The Hackworth Collection

The Hackworth Collection

The Hackworth letters is a collection written by several members of the Hackworth family and covering a period of ten years, including the Civil War. This collection provides a glimpse of what life was like in Northern Alabama before, during, and after the war. Subjects include life on the farm, the Vicksburg Campaign, riding with Nathan Bedford Forrest, and Reconstruction after the war.

"When my grandmother, Mrs. Eula Barker Thompson passed away in 1979 in South Pittsburg, Tennessee, (about 35 miles west of Chattanooga) my brothers and I went through her attic. We found a very old, battered lock box that had belonged to my great-grandmother, Mrs. Fulvia Hackworth Barker(1867-1961). In the box we found a number of letters from various family members to various family members. Unfortunately, we still do not know who some of the people in the letters are, or how they are related to us. I have tracked down some information through various cemetery records. We do know that the William Hackworth in the May 18, 1863 letter was Fulvia Hackworth Barker's uncle. His father (William Hackworth's) was Austin Hackworth (1793-1866), and may be the father that is mentioned in some of the letters. 'Lizzie' in the letters may be Elizabeth Hackworth(1803-1876), Austin Hackworth's sister, or Mary Elizabeth Hackworth(1854-1873), Austin Hackworth's daughter. This is just about all the information I have on the people in the letters. However, I do feel they give an interesting glimpse into the daily lives of these people during an interesting time in history. Thanks for reading them."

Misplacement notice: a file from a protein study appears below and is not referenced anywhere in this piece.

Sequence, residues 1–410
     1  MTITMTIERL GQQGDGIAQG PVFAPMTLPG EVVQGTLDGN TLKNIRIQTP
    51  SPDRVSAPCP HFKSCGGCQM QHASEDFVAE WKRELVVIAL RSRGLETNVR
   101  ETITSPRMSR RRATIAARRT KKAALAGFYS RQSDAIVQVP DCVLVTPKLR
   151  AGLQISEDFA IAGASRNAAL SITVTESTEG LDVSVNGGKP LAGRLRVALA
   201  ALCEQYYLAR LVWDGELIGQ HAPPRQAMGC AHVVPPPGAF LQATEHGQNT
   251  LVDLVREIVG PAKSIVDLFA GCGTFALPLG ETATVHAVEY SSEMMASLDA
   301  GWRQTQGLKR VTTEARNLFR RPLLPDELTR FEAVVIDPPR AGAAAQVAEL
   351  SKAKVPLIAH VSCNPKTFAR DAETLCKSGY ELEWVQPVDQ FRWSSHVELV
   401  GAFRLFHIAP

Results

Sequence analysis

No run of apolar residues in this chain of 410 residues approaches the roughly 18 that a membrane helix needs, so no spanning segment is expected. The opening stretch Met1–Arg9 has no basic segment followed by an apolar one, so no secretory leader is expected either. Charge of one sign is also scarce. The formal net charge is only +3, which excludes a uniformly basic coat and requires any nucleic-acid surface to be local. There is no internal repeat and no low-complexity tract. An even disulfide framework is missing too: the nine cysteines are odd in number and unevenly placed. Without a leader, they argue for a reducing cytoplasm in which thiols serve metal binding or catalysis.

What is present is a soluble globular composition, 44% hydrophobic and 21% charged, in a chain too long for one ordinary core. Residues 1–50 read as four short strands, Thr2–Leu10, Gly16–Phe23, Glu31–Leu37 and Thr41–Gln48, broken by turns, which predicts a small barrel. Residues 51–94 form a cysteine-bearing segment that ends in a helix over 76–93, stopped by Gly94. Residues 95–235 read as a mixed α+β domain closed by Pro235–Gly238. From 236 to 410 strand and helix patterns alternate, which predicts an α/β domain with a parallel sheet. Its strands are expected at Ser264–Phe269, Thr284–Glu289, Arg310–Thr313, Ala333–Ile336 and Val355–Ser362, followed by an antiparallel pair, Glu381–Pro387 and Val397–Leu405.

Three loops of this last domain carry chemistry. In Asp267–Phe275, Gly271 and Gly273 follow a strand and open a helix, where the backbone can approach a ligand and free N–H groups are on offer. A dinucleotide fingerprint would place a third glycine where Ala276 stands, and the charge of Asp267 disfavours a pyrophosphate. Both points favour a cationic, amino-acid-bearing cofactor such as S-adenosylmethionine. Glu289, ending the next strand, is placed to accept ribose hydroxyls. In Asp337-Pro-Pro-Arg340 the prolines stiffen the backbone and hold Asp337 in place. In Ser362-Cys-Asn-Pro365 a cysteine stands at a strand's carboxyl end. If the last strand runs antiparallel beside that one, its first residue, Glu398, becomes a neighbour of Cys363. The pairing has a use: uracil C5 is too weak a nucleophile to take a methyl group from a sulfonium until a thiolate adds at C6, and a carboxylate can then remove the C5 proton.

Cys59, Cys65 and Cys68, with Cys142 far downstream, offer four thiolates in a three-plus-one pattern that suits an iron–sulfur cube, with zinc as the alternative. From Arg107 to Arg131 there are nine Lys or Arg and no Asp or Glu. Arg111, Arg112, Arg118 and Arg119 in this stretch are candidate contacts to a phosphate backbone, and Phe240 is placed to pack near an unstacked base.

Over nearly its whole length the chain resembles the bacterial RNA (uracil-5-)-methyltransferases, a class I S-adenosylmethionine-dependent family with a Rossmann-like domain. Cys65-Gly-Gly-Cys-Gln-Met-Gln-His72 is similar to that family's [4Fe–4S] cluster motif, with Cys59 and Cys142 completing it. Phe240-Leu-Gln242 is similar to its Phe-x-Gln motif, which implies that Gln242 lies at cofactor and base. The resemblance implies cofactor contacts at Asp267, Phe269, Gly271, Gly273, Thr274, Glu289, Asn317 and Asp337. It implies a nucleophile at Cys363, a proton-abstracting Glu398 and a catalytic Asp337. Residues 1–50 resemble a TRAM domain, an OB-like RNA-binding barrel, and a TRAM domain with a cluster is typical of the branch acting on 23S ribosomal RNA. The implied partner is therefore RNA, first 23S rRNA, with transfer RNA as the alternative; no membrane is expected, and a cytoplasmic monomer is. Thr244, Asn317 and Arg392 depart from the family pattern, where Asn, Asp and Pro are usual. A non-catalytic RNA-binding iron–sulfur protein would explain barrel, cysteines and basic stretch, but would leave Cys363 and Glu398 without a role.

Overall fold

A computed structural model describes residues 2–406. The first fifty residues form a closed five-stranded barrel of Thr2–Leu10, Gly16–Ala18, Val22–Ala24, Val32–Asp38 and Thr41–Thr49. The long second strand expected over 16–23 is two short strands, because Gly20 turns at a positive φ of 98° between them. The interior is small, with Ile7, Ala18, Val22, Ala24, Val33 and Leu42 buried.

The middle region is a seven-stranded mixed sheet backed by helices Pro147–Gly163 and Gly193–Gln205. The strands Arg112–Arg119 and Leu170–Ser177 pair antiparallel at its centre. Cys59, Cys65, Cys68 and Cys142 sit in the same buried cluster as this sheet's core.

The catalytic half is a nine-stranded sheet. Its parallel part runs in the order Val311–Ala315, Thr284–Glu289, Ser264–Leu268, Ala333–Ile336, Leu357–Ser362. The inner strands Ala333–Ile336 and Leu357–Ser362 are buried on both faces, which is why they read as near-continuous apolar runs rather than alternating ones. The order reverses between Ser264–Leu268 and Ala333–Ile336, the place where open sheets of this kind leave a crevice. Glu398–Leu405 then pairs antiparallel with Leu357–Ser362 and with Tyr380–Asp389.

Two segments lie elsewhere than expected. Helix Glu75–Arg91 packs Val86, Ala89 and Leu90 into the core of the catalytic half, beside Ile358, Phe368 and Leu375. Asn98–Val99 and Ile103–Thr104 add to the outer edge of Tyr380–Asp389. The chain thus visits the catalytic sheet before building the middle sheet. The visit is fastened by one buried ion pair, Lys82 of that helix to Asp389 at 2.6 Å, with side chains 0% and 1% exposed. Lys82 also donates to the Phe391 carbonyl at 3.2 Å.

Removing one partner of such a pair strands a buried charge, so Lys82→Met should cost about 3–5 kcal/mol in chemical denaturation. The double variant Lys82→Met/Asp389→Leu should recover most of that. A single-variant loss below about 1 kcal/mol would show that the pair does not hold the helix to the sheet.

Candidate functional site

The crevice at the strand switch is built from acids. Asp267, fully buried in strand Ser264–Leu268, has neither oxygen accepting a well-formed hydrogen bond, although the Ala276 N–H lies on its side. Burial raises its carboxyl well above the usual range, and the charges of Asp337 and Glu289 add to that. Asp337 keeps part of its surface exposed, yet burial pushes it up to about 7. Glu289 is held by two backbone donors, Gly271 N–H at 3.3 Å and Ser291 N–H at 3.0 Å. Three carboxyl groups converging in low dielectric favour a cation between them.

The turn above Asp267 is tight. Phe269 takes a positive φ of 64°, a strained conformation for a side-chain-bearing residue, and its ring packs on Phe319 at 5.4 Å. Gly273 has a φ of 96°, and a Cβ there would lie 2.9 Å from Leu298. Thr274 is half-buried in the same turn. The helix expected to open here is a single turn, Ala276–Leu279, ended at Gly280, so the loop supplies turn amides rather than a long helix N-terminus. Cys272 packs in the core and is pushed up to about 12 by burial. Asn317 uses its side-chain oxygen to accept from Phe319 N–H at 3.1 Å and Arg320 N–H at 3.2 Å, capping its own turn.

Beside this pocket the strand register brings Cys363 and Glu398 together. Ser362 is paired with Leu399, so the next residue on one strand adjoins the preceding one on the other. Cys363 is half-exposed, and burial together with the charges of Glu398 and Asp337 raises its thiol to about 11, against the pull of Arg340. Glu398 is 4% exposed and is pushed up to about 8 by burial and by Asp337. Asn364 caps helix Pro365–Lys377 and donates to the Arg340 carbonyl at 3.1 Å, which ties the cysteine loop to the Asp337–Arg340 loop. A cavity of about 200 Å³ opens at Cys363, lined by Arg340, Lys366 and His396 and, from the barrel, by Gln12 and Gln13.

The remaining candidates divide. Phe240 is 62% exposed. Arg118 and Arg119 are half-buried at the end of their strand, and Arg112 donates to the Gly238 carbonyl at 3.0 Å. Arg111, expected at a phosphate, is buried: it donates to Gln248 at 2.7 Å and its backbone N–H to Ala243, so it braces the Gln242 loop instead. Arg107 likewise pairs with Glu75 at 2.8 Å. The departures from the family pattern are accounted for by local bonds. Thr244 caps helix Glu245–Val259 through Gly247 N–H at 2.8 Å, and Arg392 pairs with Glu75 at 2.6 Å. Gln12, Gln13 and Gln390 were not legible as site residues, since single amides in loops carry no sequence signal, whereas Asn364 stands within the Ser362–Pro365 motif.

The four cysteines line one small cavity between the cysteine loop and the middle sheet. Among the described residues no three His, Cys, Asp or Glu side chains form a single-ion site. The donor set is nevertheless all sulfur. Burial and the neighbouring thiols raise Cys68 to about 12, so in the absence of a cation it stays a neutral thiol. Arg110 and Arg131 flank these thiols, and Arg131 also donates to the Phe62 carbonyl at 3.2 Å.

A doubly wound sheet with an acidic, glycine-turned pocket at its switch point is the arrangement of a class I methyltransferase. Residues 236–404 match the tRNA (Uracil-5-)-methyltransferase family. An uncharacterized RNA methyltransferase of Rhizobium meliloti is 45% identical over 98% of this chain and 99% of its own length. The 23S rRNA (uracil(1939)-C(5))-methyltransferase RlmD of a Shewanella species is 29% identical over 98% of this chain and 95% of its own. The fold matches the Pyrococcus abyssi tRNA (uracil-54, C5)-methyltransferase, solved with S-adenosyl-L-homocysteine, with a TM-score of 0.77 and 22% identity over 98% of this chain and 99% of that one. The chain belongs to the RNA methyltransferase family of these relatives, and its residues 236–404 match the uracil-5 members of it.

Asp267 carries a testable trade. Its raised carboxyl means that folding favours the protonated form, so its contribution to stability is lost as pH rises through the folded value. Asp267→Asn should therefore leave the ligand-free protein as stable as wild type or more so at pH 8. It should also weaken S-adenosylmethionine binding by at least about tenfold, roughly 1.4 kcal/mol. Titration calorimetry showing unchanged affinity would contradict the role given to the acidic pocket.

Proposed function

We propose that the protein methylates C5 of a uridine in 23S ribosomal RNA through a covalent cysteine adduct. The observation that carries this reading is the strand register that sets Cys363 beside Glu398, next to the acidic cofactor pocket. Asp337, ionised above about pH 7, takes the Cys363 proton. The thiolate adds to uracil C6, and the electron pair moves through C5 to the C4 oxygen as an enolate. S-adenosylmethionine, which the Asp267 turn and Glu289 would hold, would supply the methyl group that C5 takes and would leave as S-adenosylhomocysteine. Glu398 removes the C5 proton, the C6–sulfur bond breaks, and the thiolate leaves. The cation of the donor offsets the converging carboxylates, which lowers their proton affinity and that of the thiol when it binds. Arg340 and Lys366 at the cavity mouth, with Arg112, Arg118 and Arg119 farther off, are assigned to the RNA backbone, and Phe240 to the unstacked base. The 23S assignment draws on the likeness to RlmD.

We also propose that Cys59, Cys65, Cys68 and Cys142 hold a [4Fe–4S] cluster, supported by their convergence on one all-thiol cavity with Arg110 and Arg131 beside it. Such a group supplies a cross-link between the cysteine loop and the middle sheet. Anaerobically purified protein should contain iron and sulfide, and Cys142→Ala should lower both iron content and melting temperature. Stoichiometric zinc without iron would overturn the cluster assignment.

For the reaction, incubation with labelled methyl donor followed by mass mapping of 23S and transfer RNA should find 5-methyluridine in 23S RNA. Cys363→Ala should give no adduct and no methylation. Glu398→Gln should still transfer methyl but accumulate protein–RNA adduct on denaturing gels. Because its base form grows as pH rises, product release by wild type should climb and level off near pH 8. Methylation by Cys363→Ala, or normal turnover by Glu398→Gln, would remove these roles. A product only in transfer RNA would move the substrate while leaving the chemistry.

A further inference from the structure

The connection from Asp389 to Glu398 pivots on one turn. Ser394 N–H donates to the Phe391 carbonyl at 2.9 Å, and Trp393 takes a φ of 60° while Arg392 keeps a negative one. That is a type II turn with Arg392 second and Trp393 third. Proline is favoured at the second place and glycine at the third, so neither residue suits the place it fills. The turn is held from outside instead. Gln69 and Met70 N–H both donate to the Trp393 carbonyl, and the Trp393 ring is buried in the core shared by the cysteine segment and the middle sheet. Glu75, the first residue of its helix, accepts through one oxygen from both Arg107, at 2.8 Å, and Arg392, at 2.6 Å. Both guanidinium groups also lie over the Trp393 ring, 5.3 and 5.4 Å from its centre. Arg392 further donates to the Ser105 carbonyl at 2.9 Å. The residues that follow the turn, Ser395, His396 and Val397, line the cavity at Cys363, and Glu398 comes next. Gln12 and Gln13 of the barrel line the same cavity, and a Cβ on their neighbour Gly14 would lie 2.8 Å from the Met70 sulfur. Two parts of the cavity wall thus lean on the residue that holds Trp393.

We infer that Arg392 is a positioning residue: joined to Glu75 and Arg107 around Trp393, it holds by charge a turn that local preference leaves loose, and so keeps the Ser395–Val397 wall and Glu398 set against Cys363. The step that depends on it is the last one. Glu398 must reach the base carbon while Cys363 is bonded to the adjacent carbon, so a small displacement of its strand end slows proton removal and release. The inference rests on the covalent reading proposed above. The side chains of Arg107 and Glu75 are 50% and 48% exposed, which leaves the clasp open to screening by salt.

W. J. Thompson

March 14, 1858

August 30, 1858

March 18, 1863

July 7, 1863

May 30, 1866

January 20, 1867

April 12, 1867

December 15, 1867

October 11, 1868

Letters courtesy of Bill Thompson